The proposal would move Idaho from the current 34 line items separated out in the public school budget – for which districts have to spend the state money they get on the identified purpose – to just 14 smaller line items that are outside the per-student funding formula. And 91 percent of the money would go through the per-student formula; just 9 percent would be allocated outside it, for such fixed costs as unemployment insurance and bond levy equalization.

It’s up to the House and Senate education committees this year to make the final calls on which line items should be kept, and what funding weights should be assigned to various factors.

“Don’t think that you just get to rubber-stamp what we did,” Bedke told the committee members. “You’ll have to engage, you’ll have to work with your local districts.”

Depending on how the various factors are adjusted, some districts could get more or less funding, based on how many of their students meet the various weighting factors. The formula also anticipates keeping all districts at least at their current funding level for the first three years, through a “hold harmless” provision. The cost of that provision will vary, depending on how the factors within the formula are set; one initial estimate put it at more than $6 million per year.

Bedke said, “We’ve got a year to work on this, but there are some important policy decisions that need to be made this year, so that this can be the funding model for the next year.”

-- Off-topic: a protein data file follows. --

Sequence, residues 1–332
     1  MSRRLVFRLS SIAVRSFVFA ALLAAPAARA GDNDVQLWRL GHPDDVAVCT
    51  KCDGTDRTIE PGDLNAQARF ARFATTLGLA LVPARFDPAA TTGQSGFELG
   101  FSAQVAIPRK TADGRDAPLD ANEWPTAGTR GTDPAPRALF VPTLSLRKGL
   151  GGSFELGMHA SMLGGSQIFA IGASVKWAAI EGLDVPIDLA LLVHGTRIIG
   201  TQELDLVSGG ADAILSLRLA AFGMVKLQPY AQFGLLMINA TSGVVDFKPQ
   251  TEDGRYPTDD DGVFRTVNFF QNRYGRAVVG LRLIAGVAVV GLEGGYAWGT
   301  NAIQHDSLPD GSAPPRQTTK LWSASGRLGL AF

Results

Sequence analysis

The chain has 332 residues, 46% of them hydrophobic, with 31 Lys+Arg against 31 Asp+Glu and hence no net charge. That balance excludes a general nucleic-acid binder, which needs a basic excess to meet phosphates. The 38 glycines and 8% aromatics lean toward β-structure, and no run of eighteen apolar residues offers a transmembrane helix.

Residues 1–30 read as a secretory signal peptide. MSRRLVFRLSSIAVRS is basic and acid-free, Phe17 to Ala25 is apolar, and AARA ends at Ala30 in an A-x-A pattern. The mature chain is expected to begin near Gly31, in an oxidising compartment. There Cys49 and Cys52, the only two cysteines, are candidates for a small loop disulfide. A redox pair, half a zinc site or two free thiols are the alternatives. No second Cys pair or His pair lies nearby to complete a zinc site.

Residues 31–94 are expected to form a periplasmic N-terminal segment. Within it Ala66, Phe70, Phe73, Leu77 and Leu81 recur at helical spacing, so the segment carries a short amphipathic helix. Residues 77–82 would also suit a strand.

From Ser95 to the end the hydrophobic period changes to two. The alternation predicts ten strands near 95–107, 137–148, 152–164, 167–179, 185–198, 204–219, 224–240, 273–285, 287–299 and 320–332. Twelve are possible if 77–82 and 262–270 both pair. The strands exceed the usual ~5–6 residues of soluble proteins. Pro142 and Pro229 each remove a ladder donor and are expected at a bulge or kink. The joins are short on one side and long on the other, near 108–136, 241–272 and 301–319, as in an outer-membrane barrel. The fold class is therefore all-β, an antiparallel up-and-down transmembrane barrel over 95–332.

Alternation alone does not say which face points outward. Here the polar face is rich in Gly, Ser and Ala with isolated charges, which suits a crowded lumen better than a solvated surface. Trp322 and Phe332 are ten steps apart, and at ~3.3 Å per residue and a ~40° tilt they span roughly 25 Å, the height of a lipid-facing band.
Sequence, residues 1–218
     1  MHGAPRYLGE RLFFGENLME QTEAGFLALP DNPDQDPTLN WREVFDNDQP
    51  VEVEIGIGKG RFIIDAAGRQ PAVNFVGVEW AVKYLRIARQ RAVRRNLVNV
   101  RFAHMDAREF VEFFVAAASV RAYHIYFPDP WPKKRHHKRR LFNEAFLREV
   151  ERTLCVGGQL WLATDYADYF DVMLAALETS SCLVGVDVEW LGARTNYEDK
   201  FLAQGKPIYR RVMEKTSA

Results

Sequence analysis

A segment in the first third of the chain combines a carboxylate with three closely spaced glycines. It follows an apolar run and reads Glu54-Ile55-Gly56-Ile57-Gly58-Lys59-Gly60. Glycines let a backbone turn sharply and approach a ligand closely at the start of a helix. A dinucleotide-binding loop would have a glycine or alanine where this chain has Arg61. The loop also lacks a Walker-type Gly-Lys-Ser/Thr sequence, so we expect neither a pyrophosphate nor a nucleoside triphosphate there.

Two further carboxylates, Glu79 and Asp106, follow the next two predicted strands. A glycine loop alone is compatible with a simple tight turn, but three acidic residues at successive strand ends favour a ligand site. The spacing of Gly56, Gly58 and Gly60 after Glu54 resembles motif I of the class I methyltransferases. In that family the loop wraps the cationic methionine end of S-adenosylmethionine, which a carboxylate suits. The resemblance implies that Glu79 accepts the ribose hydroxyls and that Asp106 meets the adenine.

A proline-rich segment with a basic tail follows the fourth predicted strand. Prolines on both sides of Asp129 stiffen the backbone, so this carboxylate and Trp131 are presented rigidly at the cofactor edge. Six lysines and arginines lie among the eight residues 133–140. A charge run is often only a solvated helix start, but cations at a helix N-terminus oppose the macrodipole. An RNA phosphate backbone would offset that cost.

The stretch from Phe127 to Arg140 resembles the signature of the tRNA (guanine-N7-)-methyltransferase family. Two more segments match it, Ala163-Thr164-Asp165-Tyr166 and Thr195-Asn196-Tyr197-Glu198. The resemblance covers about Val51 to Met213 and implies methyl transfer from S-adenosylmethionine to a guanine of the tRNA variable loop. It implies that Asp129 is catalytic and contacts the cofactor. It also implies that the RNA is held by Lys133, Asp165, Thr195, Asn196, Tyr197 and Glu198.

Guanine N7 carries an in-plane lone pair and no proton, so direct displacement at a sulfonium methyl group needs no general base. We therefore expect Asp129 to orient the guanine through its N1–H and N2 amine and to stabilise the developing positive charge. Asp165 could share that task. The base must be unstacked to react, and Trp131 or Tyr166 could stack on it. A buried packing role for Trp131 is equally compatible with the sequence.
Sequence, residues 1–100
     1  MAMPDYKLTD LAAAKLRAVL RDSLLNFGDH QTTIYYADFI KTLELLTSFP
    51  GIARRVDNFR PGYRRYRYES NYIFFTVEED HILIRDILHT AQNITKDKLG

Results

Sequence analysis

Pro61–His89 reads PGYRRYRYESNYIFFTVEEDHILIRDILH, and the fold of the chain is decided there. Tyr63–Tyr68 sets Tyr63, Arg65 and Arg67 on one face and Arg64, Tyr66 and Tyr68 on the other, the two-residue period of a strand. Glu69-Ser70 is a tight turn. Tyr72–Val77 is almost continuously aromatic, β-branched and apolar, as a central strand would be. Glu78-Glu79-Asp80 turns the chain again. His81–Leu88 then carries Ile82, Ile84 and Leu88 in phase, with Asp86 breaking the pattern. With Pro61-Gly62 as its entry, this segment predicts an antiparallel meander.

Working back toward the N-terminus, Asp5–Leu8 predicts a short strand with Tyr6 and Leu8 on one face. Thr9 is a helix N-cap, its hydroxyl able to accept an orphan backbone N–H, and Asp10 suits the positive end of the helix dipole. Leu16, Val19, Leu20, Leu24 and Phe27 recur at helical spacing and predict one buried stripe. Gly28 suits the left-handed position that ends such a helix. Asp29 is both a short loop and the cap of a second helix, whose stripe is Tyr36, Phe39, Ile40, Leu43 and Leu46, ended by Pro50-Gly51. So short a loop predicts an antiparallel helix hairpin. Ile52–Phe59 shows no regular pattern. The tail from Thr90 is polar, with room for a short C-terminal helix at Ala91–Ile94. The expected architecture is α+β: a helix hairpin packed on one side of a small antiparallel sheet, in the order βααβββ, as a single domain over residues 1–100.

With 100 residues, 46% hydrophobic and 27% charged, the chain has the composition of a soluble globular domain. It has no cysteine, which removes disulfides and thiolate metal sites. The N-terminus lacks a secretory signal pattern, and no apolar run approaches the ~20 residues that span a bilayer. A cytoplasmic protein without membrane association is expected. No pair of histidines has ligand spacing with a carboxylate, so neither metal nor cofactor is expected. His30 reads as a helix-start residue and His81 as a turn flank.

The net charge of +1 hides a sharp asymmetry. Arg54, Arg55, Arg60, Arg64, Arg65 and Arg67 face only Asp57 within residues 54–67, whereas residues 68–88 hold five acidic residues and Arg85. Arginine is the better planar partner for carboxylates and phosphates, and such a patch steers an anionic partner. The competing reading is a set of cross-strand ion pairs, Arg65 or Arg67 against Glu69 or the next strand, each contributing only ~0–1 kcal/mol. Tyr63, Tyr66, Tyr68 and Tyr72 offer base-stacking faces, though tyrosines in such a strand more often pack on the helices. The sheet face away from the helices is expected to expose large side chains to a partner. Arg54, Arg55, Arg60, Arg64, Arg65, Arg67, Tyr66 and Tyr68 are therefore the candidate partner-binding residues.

Horman recalled her experience as a school board member, trying to keep up with all the requirements her districts faced on how it spent its state-allocated funds. “We want to free that space up,” she said. “We really do hope to spur innovation and local control, to serve individual students’ needs.”

So if a district wanted to spend more on, say, literacy or college and career advising, or a different pressing local need, it could. School districts and schools, Horman said, will “realize, wait, we don’t have to do it that way anymore – because the funding formula is not bossing us around.”

House Education Chairman Lance Clow, R-Twin Falls, said the House panel will meet Monday and devote its entire meeting to more discussion of the proposed formula. “We, the germane committees, are going to make a lot of decisions about a lot of things in this formula,” he said.

Said Griffith: “It’s all sort of designed to give you an idea of what your decisions cost.”

More money in school budget

Gov. Brad Little has submitted a series of revisions to his proposed budget, most of them small adjustments, but there’s a big one: Public schools are expecting an increase in support units that adds up to a $3.5 million increase in his proposed public school budget. That would take the budget for public schools next year from a 5.94 percent increase to a 6.14 percent increase in state general funds.

Support units are a measure of student enrollment, with one support unit roughly equal to a classroom full of kids. New figures show 41 more of those units than anticipated.